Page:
Fed's Bullard Says the Quiet Part Out Loud

Fed's Bullard Says the Quiet Part Out Loud
St. Louis Fed President James Bullard speaks about the U.S. economy during an interview in New York, on Feb. 26, 2015. (Lucas Jackson/Reuters)
Andrew Moran

In the aftermath of the January inflation reading, James Bullard, president of the Federal Reserve Bank of St. Louis, has been doing the media rounds and making comments that have been generating headlines across the business media landscape.

After the annual consumer price index (CPI) climbed to a 40-year high of 7.5 percent, Bullard suggested that it might be time for the Federal Open Market Committee (FOMC) to institute a full percentage point of rate hikes over its next three meetings. He warned that policymakers could be making a mistake by thinking that inflation would dissipate, particularly after incorrectly arguing for much of last year that higher prices would be transitory.

Speaking during a recent panel discussion at Columbia University, Bullard cautioned that rampant price inflation could metastasize into a severe issue that could prove challenging to resolve.

"We’re at more risk now than we’ve been in a generation that this could get out of control," he stated.

"One scenario would be a new surprise that hits us that we can’t anticipate right now, but we would have even more inflation. That’s the kind of situation that we want to make sure it doesn’t occur."

 The Federal Reserve building in Washington, on Oct. 22, 2021. (Daniel Slim/AFP via Getty Images)
The Federal Reserve building in Washington, on Oct. 22, 2021. (Daniel Slim/AFP via Getty Images)
Bullard also said in a separate interview with CNBC that the Fed's latest tightening cycle is "not tight policy."

"Don’t let anybody tell you it’s tight policy,” Bullard said. “It’s removal of accommodation that will signal that we take our responsibility seriously.”

The U.S. federal funds rate is in the current target range of zero to 0.25 percent. Even if the Fed pulls the trigger on a 25- or 50-basis-point increase at the March policy meeting, it will remain immensely below the 15 percent fed funds rate the last time inflation was this high.

Therefore, given these circumstances, he believes the institution must become more aggressive compared to previous efforts throughout the Fed's history when fighting inflation. This way, Bullard noted, the Fed can grapple with the second consecutive year of red-hot inflation.

Ultimately, according to Bullard, the benchmark interest rate needs to climb above 2 percent to curb prices.

His colleagues aren't in agreement with these policy recommendations.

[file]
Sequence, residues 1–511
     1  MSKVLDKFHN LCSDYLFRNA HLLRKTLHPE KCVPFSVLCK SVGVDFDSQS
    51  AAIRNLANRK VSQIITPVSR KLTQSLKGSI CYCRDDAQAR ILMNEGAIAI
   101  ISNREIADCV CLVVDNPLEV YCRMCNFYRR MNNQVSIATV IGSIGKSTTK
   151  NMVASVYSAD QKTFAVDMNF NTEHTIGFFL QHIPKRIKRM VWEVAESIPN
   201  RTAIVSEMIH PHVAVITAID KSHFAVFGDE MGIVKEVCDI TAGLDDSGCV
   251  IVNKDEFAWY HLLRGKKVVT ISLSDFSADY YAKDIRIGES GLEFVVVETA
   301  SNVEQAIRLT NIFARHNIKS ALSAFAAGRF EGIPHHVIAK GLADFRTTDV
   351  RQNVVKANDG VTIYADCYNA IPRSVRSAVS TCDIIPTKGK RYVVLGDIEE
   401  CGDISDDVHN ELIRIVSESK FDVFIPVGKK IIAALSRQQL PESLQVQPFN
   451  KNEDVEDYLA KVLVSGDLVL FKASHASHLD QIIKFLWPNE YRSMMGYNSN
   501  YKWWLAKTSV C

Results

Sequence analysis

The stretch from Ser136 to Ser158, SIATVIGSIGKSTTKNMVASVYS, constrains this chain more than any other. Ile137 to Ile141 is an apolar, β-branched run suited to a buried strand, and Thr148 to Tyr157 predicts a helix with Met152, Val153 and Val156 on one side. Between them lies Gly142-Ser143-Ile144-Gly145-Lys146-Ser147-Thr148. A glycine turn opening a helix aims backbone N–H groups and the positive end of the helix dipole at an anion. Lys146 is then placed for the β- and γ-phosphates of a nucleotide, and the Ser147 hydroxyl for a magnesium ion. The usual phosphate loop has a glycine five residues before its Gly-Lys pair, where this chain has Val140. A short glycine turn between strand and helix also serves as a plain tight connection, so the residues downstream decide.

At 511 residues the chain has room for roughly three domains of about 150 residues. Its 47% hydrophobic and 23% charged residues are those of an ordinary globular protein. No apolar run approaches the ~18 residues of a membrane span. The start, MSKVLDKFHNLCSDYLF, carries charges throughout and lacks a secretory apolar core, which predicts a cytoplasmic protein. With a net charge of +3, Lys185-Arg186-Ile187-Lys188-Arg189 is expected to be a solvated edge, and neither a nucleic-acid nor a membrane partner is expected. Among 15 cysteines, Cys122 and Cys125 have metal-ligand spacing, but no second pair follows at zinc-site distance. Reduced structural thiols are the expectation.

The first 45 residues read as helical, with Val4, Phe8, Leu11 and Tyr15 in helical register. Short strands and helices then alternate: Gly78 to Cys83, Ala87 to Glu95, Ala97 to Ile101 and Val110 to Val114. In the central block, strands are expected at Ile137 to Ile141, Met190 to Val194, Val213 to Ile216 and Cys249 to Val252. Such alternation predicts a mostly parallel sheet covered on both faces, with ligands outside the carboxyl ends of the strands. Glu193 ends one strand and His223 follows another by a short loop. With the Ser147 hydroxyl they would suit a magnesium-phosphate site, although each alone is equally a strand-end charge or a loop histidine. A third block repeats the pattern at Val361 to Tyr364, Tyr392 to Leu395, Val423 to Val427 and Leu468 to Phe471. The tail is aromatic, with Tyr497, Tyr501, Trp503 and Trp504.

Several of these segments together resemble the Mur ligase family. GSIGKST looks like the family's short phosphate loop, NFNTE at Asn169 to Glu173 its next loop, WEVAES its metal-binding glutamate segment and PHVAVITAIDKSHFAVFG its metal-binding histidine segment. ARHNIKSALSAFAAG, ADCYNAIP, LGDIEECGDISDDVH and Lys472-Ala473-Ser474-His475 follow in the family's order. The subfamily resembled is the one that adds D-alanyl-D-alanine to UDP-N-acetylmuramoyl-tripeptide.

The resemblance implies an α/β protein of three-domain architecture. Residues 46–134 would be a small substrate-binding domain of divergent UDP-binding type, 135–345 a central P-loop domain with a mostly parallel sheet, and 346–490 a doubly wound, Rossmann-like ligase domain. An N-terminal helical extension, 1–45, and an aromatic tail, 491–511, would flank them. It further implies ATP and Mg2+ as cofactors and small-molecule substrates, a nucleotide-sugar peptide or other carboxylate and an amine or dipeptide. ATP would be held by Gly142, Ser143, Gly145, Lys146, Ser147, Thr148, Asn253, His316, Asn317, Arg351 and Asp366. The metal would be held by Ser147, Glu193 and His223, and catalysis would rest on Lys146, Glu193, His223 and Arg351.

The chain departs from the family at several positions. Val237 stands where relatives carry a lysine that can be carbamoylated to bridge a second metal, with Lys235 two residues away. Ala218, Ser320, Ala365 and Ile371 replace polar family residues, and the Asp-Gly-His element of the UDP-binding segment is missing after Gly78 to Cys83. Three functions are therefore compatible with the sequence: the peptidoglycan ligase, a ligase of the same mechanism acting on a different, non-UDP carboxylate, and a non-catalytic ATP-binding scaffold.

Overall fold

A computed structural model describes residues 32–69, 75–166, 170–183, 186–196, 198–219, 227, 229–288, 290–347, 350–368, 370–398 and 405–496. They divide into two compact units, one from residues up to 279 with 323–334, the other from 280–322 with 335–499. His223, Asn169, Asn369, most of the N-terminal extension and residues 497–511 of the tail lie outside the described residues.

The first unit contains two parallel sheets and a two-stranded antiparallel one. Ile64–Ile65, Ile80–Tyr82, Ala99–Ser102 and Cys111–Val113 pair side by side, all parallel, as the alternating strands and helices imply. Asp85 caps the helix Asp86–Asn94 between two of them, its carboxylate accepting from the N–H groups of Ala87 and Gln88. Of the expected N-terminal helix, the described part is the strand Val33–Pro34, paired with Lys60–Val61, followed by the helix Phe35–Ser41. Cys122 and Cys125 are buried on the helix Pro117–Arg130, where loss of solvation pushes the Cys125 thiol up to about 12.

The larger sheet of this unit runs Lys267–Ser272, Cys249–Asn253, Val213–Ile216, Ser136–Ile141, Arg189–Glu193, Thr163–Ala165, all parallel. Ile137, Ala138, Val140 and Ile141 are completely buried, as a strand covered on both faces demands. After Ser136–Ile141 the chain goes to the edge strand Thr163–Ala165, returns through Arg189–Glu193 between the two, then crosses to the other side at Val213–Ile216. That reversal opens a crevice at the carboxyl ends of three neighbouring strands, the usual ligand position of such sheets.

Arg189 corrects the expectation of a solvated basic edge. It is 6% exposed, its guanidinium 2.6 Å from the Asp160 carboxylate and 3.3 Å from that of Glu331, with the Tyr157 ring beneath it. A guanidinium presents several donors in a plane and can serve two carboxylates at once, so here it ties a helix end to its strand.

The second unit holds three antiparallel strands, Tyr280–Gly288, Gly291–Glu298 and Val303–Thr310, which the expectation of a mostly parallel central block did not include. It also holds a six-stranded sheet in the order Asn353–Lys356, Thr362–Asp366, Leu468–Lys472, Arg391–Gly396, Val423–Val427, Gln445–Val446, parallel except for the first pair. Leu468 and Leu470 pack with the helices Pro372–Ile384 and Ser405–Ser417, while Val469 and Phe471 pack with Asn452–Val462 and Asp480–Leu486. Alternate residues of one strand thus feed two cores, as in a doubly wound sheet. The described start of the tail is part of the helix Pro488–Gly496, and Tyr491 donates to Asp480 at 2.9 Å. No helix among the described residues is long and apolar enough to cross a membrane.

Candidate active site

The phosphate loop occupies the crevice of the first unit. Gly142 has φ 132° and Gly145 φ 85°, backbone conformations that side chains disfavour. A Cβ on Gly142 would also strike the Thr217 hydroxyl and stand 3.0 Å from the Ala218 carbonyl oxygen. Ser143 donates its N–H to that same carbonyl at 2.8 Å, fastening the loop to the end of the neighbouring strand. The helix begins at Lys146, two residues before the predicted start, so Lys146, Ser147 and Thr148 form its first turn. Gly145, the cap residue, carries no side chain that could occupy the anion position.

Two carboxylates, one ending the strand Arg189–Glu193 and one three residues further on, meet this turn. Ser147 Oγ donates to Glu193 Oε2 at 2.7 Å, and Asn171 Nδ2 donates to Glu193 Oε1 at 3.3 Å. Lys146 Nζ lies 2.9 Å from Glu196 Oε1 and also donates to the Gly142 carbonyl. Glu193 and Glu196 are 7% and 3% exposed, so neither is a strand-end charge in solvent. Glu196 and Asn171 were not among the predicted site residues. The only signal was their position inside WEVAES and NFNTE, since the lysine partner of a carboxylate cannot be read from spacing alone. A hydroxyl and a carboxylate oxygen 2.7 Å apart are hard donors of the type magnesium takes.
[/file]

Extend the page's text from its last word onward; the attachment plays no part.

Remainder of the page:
Fed Bank of Chicago President Charles Evans told a New York conference hosted by the University of Chicago Booth School of Business that long-term inflation in the United States will be low. With this in mind, Evans isn't advocating substantial rate increases, although he believes the Fed "requires a substantial repositioning of monetary policy.”

Cleveland Fed Bank President Loretta Mester stated that a faster pace of rate increases would be more reasonable than a half-point adjustment.

San Francisco Fed President Mary Daly and Richmond Fed President Thomas Barkin rejected the premise that a significant rate boost is needed to curtail rampant inflation.

Although Bullard noted that his case for 100 basis points by July 1 isn't what the central bank needs to do, he does say the Fed needs to get started on rates to rein in inflation.

According to the CME FedWatch Tool, the market is penciling in a quarter-point boost at the two-day FOMC meeting in March.

But while the minutes from the January rate-setting committee meeting show that officials are ready to expand their quantitative tightening efforts by shrinking the balance sheet and raising rates, market analysts warn that this could trigger a slowdown in the post-pandemic economy.

Several institutions and organizations are anticipating tepid GDP growth in the first quarter.

The Atlanta Fed Bank's GDPNow model suggests real GDP change is projected to climb 1.3 percent. If accurate, this would be down from the 6.9 percent growth in the fourth quarter of 2021.
The St. Louis Fed Nowcast is prognosticating a GDP headline of 1.55 percent in the January-to-March period.
Wells Fargo expects a GDP reading of less than 2 percent, while the Conference Board is anticipating 2 percent.

The consensus is that economic growth will be weaker in the current quarter than in the previous one. Would a slowing economy give pause to a tightening acceleration, despite red-hot inflation? This might be the next major debate for Fed policymakers.

Andrew Moran has been writing about business, economics, and finance for more than a decade. He is the author of "The War on Cash."